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Department of Economics, Harvard University and Institute of Economics, Hungarian Academy of Sciences. The first version of this paper was written while I was a summer intern in the Research Department of the International Monetary Fund. I am particularly grateful to my supervisor, Guy Meredith for useful discussions. I also thank John Campbell, Richard Cooper, Domenico Giannone, Elhanan Helpman, Borja Larrain, Marc Melitz, Kenneth Rogoff, Ádám Szeidl, Silvana Tenreyro, Oved Yosha, and seminar participants at Harvard and the Centre for Economic Policy Research workshop on “Macroeconomics and Economic Geography” for comments. Any remaining errors are mine.
See the estimates for the α coefficients in Evenett and Keller (2002). These have to be multiplied by two because we are considering exports plus imports, not just imports.
See Anderson and van Wincoop (2001) for a theoretically sound estimation of the gravity equation with trade barriers.
Formally speaking, because production is linear, the equilibrium allocation will almost always be a corner solution and not a smooth function of exogenous variables.
Note that this does not require a complete set of Arrow-Debreu securities, only that securities perfectly correlated with each of the shocks can be traded.
The difference between income (GNP) and output (GDP) in this model is that the former includes payoffs from financial transactions.
This assumes that there is no intra-industry trade. In a neoclassical model where products are homogeneous, no intra-industry trade would occur in the presence of arbitrarily small trade costs.
I use capital as the factor of production for expositional purposes only. The portfolio choice problem is more naturally interpreted this way.
At a more formal level, we can think of country risk as a pure background risk. In the constant absolute risk aversion framework background risks have no effect on portfolio choice.
With normal shocks, returns can be arbitrarily low, making wealth zero (or even negative) with positive probability. A power-utility investor would never take on such a risk, no matter how generously it is rewarded.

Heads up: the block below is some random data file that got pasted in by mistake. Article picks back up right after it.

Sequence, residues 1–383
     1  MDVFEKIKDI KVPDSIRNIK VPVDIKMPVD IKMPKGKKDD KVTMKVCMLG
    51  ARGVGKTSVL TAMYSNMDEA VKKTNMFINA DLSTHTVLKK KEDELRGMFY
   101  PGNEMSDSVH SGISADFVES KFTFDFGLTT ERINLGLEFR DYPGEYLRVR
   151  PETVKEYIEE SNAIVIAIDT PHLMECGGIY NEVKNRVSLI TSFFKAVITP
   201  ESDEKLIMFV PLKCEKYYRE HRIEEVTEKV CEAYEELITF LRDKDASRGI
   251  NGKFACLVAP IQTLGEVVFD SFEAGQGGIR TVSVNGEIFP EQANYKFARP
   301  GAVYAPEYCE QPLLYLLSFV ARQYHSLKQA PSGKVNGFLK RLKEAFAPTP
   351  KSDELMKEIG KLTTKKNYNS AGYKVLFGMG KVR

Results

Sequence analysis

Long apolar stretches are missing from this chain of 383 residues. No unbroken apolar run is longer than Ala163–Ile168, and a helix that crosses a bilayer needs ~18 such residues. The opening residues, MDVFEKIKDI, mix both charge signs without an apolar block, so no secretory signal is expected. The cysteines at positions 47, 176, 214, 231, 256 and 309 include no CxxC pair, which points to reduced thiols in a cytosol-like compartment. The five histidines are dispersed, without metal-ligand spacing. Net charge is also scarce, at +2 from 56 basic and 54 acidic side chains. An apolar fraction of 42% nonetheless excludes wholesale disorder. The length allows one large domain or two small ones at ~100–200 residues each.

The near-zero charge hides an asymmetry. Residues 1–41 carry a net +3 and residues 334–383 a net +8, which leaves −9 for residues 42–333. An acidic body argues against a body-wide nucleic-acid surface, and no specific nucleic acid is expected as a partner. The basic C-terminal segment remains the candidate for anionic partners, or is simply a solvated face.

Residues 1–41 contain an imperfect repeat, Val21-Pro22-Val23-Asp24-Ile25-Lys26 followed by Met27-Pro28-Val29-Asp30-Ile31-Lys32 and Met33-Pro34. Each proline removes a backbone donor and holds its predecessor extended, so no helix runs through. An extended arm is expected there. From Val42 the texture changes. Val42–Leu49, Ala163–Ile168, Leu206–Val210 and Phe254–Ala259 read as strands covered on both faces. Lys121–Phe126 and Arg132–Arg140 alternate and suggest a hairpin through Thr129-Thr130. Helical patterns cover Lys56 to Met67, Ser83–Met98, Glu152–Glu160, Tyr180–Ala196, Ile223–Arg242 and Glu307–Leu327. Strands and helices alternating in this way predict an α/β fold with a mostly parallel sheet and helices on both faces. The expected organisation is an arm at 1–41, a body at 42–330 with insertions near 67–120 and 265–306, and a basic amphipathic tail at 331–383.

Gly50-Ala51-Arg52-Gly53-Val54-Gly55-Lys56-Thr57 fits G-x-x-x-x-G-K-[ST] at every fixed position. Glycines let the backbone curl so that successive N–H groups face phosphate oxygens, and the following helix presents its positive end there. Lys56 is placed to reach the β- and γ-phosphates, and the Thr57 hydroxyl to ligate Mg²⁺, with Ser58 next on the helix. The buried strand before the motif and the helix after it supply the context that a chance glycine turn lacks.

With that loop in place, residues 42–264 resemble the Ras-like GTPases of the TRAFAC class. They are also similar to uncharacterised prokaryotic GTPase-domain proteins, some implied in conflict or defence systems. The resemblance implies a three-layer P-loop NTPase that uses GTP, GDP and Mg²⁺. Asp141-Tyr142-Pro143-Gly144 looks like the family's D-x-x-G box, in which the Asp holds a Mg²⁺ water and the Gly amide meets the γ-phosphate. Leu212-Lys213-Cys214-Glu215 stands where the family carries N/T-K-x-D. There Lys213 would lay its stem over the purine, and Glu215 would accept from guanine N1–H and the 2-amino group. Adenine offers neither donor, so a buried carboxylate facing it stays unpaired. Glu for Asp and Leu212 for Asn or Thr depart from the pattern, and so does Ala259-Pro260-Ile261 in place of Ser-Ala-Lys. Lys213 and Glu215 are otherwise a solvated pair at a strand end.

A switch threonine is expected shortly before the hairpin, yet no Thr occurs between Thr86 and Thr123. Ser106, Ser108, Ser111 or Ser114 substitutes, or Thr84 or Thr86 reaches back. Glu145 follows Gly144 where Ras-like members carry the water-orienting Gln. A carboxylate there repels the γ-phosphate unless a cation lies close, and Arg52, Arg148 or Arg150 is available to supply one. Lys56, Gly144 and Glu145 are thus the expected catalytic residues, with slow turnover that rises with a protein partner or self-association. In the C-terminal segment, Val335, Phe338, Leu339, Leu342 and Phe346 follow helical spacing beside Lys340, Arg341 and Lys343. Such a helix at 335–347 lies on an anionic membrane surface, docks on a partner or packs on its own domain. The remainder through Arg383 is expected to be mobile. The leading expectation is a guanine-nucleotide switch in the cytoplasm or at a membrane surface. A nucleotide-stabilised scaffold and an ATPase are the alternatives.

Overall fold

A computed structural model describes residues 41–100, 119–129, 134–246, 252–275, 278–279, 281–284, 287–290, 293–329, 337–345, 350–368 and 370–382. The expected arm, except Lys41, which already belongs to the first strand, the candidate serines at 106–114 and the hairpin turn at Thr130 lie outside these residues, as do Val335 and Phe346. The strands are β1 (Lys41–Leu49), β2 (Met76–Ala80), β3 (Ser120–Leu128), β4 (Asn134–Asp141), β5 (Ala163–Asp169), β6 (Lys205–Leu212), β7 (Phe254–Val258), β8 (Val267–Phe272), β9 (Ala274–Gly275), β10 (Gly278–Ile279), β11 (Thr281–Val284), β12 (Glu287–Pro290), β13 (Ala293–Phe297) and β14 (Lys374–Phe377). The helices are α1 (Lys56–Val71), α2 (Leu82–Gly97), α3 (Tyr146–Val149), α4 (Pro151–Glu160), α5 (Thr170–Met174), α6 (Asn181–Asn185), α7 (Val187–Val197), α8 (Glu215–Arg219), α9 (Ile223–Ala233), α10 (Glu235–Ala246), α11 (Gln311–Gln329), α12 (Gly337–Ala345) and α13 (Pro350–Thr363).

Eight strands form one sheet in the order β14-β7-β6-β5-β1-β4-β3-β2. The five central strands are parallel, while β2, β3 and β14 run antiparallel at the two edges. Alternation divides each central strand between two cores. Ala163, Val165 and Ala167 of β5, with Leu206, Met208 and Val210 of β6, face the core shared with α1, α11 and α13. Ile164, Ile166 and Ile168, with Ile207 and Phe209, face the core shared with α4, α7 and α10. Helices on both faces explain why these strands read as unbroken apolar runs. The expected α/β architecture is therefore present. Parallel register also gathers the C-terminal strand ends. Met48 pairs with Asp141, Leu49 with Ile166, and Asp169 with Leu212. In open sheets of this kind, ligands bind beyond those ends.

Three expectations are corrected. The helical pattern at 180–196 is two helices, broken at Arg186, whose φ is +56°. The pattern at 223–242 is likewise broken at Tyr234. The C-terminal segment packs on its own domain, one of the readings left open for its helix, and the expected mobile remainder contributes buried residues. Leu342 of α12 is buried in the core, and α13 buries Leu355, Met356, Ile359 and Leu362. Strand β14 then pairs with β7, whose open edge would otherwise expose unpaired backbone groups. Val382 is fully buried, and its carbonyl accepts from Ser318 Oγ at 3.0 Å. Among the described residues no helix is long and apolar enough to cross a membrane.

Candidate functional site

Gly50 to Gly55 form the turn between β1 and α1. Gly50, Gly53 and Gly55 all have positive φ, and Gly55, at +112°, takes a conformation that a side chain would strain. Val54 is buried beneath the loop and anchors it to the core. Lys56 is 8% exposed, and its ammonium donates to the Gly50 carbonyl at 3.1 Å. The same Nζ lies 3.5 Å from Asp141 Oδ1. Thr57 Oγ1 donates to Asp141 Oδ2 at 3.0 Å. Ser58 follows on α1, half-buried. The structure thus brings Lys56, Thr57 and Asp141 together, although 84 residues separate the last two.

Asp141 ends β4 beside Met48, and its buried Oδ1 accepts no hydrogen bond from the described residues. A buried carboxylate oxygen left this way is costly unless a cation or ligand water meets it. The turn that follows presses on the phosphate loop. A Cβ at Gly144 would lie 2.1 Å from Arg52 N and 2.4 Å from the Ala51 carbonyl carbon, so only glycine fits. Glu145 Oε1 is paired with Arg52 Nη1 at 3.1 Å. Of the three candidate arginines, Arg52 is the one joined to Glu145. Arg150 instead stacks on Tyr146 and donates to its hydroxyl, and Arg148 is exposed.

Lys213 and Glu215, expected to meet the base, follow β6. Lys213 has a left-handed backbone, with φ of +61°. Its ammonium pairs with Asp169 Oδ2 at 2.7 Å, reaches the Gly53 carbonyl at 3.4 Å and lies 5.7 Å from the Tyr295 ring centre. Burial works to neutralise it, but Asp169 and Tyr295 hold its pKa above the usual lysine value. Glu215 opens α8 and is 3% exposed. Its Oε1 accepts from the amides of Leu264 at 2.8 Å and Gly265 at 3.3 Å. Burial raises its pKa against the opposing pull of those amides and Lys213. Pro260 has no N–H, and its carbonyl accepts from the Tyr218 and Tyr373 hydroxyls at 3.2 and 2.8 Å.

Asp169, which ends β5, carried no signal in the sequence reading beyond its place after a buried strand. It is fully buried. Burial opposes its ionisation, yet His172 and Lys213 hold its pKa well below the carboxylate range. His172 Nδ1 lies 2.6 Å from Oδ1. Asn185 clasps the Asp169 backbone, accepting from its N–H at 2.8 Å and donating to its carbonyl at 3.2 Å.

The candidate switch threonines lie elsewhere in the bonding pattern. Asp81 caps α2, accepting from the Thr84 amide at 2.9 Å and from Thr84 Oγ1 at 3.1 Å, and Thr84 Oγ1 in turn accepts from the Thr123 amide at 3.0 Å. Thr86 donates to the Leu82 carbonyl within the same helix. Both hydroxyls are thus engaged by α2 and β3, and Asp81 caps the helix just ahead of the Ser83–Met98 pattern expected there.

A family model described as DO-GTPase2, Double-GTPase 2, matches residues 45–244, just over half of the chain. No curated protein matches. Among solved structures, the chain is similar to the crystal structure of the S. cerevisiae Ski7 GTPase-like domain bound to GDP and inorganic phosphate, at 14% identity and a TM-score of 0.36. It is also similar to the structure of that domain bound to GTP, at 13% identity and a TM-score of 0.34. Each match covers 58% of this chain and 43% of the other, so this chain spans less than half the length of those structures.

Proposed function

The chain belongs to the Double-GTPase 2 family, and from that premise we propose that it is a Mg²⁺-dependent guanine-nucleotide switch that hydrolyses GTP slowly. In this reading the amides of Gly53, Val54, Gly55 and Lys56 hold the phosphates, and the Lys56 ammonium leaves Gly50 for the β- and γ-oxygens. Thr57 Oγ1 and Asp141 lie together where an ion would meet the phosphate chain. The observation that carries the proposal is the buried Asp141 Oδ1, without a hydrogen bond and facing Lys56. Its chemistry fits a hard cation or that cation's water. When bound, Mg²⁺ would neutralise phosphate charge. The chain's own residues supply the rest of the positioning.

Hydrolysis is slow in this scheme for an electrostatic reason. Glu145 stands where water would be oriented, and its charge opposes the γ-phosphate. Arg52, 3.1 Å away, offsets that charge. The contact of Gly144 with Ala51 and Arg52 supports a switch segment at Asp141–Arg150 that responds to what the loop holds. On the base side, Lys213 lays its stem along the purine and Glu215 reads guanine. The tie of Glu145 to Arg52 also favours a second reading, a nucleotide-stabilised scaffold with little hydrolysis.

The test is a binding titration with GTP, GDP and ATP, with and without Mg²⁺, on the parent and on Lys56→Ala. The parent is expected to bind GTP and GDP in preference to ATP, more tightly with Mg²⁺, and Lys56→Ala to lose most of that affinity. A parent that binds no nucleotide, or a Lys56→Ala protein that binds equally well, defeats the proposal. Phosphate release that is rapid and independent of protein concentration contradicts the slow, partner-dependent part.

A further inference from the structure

That is, the CARA and the CRRA functions have the same first and second derivatives at the point Yj.
First, since there is a riskless asset, forward contracts can be easily created from spot contracts. Second, if an asset is in positive net supply (such as the share of an industry), that supply may be incorporated into the set of non-financial assets. (In fact, the question of net supply seems to be an important distinction between financial and non-financial assets.) Third, because I am interested in the risksharing arrangements among regions, I have constructed assets that are pure bets. That is, assets have a zero expected payoff. If any of the assets had a nonzero expected payoff, it could be divided into a riskless asset delivering the expected payoff plus a pure bet. Fourth, the assets having an identity covariance matrix is not restrictive because the vector space of zero-mean assets always has an orthonormal basis; I pick that basis as the set of assets.
Here it is an important distinction that the shocks are just industry-specific and not region-specific.
This special case is not included in equation (17), which is a first-order condition for equilibrium. Complete specialization is attained as a corner solution, where the first-order condition is not binding.
In particular, countries with the same level of financial integration may be trading in different markets, aiming to insure different industries. Hence the sign of the cross derivative, f12, would be ambiguous depending on whether financial openness is aimed at more or less risky industries. Assuming, however, that the amount of international insurance in each of the sectors is identical within a country (or, at least, less than proportionately biased towards high-risk sectors), we can establish f12>0.
The main reason is that there is no widely accepted empirical framework using the Ricardian trade theory. (See discussion in the Introduction.) Some early, albeit atheoretical tests are found in Balassa (1963).
I thank Abdul Abiad for providing this data.
The “world” average is calculated from the 22 biggest economies which have data on all the industries.
As is common in cross-sectoral estimations, we have to scale the dependent variable to make sure that the estimations are not sensitive to the overall size of the sector. An industry with a broader classification will inevitable trade more than a narrowly defined industry. Unlike in most such empirical exercises, the scaling variable is theoretically pinned down by equation (22).
This may be a much higher percentage of exports because net exports tend to be small relative to domestic consumption.